Big Bend Country is vast, and you can think of Alpine as something like its hub. The town of some 6,000 serves as the homebase, the heartbeat, for all the area’s adventures. And while it does rack up trendy, cultural experiences—think food trucks and museums, lofty hotels and street art—Alpine still holds onto its authentic West Texas character.

When you visit, you should certainly make use of your car to explore the surrounding wonders of Big Bend Country. But don’t neglect to get to know Alpine itself, preferably via your own two feet. Here’s some of what you’ll find.

Vibrant downtown colors...

The first thing you’ll probably notice walking around downtown Alpine is the sheer amount of color. Street art—mostly murals by local artists depicting the area’s heritage—adorn many buildings, and they fit right in with the town’s artistic shops, boutiques and restaurants.

Start on the corner of 5th and Holland and walk south down 5th Street, taking a right on Murphy. Along this short stroll, you should be able to spot nine different murals. Head back north up 7th to W Ave E, hang a right, and look for an alley between 5th and 6th. Some dozen more dazzling beauties are hidden here.

Tip: The town’s street art isn’t a new trend—Alpine’s been creating for decades. There’s a beautiful map of the Big Bend region inside the Museum of the Big Bend (on the campus of Sul Ross State University in town) that dates to 1940. “View of Alpine,” which takes up two sides of the medical center, was created the same year. “Big Brewster,” though, is perhaps the town’s best-known piece, covering the Kiowa Gallery. It welcomes visitors with an all-things-Alpine art lesson—in technicolor.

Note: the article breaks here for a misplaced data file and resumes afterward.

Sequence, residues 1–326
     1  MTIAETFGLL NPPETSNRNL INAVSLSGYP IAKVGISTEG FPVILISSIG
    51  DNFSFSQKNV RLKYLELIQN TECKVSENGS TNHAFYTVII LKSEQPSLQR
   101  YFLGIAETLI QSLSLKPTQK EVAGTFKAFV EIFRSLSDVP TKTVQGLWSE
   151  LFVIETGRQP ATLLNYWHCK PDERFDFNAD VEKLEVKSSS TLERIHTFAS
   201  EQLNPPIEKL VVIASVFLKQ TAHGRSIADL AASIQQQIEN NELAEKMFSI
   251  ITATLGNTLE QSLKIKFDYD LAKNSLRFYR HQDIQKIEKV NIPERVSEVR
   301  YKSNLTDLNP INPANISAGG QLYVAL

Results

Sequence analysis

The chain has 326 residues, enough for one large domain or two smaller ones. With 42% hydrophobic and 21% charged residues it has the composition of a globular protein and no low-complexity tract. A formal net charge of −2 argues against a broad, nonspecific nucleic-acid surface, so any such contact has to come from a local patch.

...and vibrant local history.

Alpine stayed off the map long enough that no urban development came for the town’s historic districts, no big-box stores came for the darling shops and boutiques, and few chain restaurants took root along the main drag. As a result, it holds onto its early-20th-century atmosphere, and today it’s one of West Texas’ historic gems.

You can either lace up your boots and tackle a historic walking tour, or opt for the designated “Alpine Historic Windshield Tour.” Grab a map, and—either way—you’ll be able to scout out adobe homes from the 1800s, Alpine’s turn-of-the-century hospital, Victorian homes, Indigenous sites, old saloons, historic jails, Depression-era theaters and plenty of Mission-style architecture. The walking tour alone has 44 stops!

Higher education on Hancock Hill

In 1981, three students at the local Sul Ross State University left a mark on the town’s landscape that can still be seen today. If you hike up Hancock Hill, immediately northeast of the university, you’ll spot the school desk they carried up and left at a commanding viewpoint near the top. A notebook sits in its drawers, filled with decades’ worth of stories, signatures, poems and love letters.

To find the desk, take Entrance 4 to the top of the hill, and look for a trail. Once you’re near the bicycle tree—further proof of the town’s quirky creativity—you’re close. Don’t get too distracted by the art installations, though, as the West Texas scenery spreading out below you deserves attention, too.

A historic home-away-from-home

Most 6,000-person towns might offer you a chain hotel if you’re lucky, but not in Alpine. The Holland Hotel, which anchors the historic downtown, is a regional landmark. The Maverick Inn similarly dates from the 1930s. And the Alpine Bed and Breakfast, just three blocks from downtown’s heart, is a renovated 124-year-old, single-story, 3,200-square-foot home with just four guest rooms and an acre of space to spread out in. And that’s just the beginning of the list!

Note: Alpine lies within a couple hours of Big Bend National Park, Davis Mountains State Park, Monahans Sandhills State Park, Fort Davis National Historic Site, Big Bend Ranch State Park and many other incredible West Texas attractions. With one-of-a-kind lodging here, you’re a stone’s throw from the wide-open outdoors.

Downtown shops, boutiques and galleries

Take a look at Alpine’s events calendar: farmers markets, art walks, music festivals and even a Texas Cowboy Poetry Gathering. Alpine’s citizens are hard at work keeping the community buzzing. Their we-create-it mentality shows itself around downtown as well, and has resulted in an only-in-Alpine grab bag of things to do.

On your strolls—with Cedar Coffee in hand—check out the cactus-and-orange Murphy Street Mercado, Francois Fine Arts Gallery, Big Bend Saddlery, Spradley Hats, Judy’s Bread & Breakfast, Alley View Gallery and other unique local businesses. Combine this with a street-art hunt, and you might just want to tack on an extra day in Alpine so your walking tour isn’t left half-finished.